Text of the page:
Roman coin hoard found in Swiss cherry orchard

Farmer Alfred Loosli was walking through in his cherry orchard in Ueken in the northern Swiss canton of Aargau last year when he saw a green coin contrasted against the rich brown of the soil. At first the he assumed someone had lost it, but then he found another five. This July, Loosli poked a molehill under one of his cherry trees and found another 19 bronze coins. He asked his son to research the coins to see if they might be ancient, remembering that in 2013 a Roman settlement was discovered in the nearby city of Frick.

They called the authorities and in September canton archaeologists began to excavate the site. The excavation was kept secret to keep looters from interfering with the site when the archaeologists weren’t around, and it was productive beyond all expectations. By the end of the dig earlier this month, archaeologists had recovered 4155 Roman coins for a total weight of 33 pounds in just a few square meters. At least some of the coins were buried in cloth and leather bags and probably they all were only the bags have disintegrated.

The hoard in now at the Vindonissa Museum in Brugg where conservators are painstakingly cleaning the coins. Swiss numismatist Hugo Doppler has examined the 200 coins cleaned thus far and has identified them as Antoniniani minted by emperors Aurelian (270-275), Tacitus (275-276), Probus (276-282), Carinus (283-285) Diocletian (284-305) Maximianus (286-305). The most recent were minted in 294 A.D. They are in exceptional condition. Hopper believes they were taken out of circulation almost immediately after minting.

The Antoninianius coin is named after the emperor Caracalla (Marcus Aurelius Severus Antoninus Augustus) who first introduced the denomination in 215 A.D. as a silver piece worth two denarii, but because it only contained 1.5 denarii worth of silver, people raised prices and hoarded the coins causing rampant inflation. The Antoninianius became increasingly debased until by the reign of Emperor Gallienus in 268, the silver content was a meager 4%. Aurelian bumped it back up to 5%, but even that small boost was short-lived. At the end of the 3rd century, the Antoninianius was almost entirely bronze and considered worthless. People just threw them away.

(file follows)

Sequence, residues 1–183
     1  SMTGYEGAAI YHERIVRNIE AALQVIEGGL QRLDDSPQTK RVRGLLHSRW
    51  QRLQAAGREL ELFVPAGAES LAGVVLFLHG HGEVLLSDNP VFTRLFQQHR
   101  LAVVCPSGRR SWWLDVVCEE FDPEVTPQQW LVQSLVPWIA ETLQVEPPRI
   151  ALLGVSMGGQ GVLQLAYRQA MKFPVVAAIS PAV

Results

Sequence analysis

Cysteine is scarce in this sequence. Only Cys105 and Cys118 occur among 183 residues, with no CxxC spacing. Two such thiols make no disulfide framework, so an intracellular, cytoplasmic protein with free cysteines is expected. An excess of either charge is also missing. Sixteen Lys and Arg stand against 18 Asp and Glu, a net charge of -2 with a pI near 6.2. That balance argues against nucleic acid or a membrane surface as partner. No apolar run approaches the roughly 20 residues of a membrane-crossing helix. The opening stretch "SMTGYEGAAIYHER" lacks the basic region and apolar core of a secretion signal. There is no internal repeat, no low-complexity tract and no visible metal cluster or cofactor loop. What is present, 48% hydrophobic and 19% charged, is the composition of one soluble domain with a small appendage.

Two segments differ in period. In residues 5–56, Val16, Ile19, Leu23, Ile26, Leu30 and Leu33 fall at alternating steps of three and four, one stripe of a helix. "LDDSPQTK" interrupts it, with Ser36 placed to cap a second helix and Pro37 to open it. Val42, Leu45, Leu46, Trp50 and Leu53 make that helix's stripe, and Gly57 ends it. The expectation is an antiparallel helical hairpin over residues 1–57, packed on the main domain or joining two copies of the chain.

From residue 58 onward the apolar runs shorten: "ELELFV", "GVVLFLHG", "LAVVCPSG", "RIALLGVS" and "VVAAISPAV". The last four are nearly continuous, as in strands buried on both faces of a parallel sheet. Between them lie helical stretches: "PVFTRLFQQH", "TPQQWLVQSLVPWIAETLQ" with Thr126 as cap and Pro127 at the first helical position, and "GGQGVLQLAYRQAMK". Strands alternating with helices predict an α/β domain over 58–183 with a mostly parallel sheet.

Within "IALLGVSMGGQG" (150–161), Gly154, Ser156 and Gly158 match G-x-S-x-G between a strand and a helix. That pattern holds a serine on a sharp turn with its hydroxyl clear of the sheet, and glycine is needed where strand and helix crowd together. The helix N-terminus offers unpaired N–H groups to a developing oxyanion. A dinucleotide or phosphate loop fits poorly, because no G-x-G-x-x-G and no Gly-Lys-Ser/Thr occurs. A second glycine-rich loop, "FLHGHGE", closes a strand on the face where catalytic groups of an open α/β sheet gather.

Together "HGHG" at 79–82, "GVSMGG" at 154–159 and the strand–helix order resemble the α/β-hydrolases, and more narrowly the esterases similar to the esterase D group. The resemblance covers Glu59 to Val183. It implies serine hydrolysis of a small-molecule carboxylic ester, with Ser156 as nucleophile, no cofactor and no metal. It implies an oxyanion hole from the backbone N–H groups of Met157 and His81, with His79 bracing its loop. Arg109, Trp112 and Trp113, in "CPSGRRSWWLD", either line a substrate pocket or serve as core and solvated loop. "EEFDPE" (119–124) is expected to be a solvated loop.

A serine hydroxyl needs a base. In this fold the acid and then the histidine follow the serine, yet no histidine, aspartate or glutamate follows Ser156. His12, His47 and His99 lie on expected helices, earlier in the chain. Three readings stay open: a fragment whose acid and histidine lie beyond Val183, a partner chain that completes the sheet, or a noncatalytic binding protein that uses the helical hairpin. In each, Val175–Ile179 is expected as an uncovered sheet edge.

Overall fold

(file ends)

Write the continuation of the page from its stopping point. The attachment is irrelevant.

The 200 coins from the cherry orchard hoard, however, are all of particularly high silver content, about 5% silver. Hugo Doppler believes the owner of the hoard deliberately chose the coins with the highest silver content because they “would have guaranteed a certain value conservation in a time of economic uncertainty.” In a rural area like Ueken, there would have been no banks to put valuables in, and the area was subject to several Germanic incursions. Burying bags of relatively high silver content coins underground was a reliable method of keeping the treasure safe.

Significant hoards like these have been unearthed many times in Britain, but are much rarer in Switzerland. Only four Roman coin hoards of more than 4,000 pieces have been found in Switzerland. Two were discovered a century ago; the third was found last year in Orselina, 150 miles south of Ueken near the Italian border.

The hoard will continue to be cleaned and examined. Doppler suspects there may be more exciting discoveries among the coins, like previously unknown mints and denominations. The hoard will eventually be put on public display at the Vindonissa Museum alongside other Roman artifacts discovered at the Frick excavation and elsewhere in the area.